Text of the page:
TECHNOLOGICAL APPROACH UNDER INVESTIGATION
The process hereafter described produces composite glass mirror panels with a sandwich-like structure. Each panel is composed by two thin glass sheets glued as skins of a suitable material being the core of the panel itself (core’s board). The front glass sheet is conformed to the desired optical shape using a two-step process based on the replication of a master, while the rear one is used to increase both the stiffness and the thermal stability of the panel when exposed to temperature variations.
This process has been already partially discussed in  and  and it is herein summarized for completeness. It can be divided into two separate steps shown in Fig. 1: the first one uses a thermal forming procedure to conform the shape of a thin glass sheet to a mould; while during the second step the sandwich structure is assembled.
A. First step: hot glass slumping
The first step of this process is used to precisely shaping a common float glass sheet. Applying a thermal cycle up to temperatures above the glass transition temperature Tg, i.e. where the glass’s viscosity becomes low enough, permits to the glass to slump and retain permanently the new geometry when it is cooled down.
This is derived from an ongoing R&D program started for an ESO FP6 activity for the development of a technique based on hot slumping of thin glass sheets to manufacture floppy glass shells for adaptive optics . A mould, having as a shape the negative of the desired optical profile, is manufactured in a suitable material; it has to withstand high temperature with no major shape changes during the thermal cycle and after repeated ones. In addition, the CTE of the mould should be as similar as possible to the glass to be slumped to have a close replica. After having performed a trade-off, for the material of the mould it was chosen the ZERODUR K20 . For what concern the glass, the Borofloat™ 33 was chosen due to its good quality and CTE match with the mould. Both these materials are produced by the Schott company. This decision was mainly supported by the following considerations:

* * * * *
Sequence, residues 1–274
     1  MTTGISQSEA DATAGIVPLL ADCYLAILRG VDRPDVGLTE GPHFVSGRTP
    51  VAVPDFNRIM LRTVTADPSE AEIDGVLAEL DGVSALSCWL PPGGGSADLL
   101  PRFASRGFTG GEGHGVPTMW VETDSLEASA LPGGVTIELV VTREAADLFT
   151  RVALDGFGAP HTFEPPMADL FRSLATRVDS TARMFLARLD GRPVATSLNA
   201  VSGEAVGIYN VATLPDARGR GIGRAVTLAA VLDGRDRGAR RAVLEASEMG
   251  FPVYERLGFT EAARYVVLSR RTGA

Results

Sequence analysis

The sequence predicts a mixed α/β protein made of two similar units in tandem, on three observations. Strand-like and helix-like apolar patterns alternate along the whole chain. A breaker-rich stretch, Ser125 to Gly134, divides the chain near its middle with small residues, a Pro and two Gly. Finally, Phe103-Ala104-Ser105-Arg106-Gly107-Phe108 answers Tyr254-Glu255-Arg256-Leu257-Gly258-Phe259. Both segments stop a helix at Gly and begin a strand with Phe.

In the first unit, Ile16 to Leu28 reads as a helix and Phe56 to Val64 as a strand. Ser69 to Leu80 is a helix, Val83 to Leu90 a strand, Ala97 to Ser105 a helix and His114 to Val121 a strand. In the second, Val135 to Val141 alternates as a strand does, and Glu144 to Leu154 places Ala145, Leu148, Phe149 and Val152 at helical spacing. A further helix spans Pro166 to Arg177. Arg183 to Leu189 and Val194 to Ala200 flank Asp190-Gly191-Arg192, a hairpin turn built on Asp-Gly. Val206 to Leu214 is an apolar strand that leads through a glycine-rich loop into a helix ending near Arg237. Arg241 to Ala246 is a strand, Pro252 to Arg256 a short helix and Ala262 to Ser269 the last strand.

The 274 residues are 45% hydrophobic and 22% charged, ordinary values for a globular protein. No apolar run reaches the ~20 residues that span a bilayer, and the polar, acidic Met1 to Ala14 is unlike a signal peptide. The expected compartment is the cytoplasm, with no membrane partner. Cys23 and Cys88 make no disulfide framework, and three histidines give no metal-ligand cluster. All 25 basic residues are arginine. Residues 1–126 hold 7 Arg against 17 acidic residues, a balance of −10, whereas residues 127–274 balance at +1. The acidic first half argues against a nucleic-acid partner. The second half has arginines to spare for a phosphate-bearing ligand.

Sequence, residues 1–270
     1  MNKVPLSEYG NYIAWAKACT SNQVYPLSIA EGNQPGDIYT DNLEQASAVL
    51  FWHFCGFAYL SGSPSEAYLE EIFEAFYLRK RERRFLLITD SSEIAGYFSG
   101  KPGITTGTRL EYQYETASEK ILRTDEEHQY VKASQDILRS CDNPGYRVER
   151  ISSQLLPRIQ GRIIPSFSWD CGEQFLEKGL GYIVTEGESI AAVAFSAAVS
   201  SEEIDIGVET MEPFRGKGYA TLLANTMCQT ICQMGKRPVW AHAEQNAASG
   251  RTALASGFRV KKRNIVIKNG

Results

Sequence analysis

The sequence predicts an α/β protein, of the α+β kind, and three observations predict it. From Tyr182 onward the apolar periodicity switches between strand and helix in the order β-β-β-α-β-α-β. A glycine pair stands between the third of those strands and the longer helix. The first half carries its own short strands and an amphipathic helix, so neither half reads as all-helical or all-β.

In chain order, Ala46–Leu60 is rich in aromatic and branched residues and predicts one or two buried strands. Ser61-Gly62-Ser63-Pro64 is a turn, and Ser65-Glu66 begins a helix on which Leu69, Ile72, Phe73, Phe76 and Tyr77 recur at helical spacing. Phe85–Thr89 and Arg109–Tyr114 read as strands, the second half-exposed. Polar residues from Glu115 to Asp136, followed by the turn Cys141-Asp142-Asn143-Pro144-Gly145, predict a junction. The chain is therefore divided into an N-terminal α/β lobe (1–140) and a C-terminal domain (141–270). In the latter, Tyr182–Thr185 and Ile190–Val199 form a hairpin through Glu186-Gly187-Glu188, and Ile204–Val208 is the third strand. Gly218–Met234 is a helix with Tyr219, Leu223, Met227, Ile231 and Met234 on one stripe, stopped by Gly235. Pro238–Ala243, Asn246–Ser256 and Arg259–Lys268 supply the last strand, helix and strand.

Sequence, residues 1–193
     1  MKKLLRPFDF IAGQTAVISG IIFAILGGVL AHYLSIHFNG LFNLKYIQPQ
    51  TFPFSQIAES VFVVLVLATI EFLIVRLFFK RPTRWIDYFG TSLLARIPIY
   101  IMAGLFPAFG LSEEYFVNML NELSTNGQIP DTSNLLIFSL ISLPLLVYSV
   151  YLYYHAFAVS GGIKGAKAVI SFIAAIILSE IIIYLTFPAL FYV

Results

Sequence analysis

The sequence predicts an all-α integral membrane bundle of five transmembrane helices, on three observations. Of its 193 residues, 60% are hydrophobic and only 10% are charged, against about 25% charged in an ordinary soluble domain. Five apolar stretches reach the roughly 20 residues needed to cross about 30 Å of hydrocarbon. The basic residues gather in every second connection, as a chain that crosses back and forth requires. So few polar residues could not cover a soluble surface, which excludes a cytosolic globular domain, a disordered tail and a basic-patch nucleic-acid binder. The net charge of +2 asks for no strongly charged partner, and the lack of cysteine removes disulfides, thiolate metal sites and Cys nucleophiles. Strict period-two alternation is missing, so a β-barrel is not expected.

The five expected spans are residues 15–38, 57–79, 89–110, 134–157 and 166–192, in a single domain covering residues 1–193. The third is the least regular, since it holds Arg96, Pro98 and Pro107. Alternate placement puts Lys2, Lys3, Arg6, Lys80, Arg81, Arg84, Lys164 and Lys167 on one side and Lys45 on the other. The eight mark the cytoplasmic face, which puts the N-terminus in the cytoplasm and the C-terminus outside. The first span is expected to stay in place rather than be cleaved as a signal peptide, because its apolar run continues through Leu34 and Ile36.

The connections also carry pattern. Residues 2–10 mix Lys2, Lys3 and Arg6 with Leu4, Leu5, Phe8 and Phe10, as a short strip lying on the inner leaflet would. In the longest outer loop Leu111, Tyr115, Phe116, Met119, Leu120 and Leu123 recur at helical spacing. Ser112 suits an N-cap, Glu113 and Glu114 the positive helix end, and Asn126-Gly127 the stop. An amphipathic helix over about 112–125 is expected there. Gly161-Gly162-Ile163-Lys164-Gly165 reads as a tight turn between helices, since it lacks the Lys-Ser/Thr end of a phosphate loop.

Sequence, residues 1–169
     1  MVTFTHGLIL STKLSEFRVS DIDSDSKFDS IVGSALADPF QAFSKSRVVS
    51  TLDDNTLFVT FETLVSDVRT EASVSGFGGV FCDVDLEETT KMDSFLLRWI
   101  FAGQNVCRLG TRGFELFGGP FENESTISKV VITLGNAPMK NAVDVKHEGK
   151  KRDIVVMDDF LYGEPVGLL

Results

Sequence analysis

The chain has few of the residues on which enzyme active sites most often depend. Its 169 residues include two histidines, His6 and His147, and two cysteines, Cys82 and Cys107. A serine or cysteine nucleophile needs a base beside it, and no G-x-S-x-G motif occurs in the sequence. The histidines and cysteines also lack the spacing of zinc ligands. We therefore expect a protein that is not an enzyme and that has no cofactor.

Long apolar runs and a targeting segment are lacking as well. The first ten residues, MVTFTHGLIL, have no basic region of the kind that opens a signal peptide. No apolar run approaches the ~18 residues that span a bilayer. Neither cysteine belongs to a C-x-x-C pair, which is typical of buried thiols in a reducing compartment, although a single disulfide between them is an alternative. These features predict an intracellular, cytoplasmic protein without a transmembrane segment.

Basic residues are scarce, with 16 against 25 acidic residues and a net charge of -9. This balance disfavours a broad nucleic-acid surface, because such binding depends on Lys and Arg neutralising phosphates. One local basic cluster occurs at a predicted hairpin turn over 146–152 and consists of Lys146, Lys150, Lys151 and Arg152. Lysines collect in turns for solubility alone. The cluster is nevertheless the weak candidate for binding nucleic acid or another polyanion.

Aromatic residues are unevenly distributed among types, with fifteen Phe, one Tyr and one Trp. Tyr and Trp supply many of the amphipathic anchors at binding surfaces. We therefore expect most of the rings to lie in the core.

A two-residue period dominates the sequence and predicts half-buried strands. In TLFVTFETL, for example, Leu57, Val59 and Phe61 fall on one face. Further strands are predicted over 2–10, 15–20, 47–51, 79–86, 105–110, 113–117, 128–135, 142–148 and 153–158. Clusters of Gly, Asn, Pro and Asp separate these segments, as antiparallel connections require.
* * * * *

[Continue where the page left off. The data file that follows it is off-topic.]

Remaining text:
• The ZERODUR K20 has not shown sticking attitude to the Borofloat™ 33 glass up to 660 °C, hence there is no need of an anti-sticking coating.
• The dimensions of ZERODUR K20 blank can be easily scaled-up to 1.5 meters in diameter.
• The ZERODUR K20 has a CTE near to that of the Borofloat™ 33.
• The CTE homogeneity of the ZERODUR K20 is the highest of all the other considered materials. This avoid local changes in height and shape of the mould.
• The cost of the finished mould in ZERODUR K20 is not far from that of the moulds made in other materials considered.
After a deep cleaning of the two components (mould and glass sheet), they are placed onto a muffle with vacuum capability. Roughly, the muffle is a stainless steel box that permits to remove the air convection, with advantages in terms of homogeneous heat distribution and cleanness from the dusty ambient of the oven.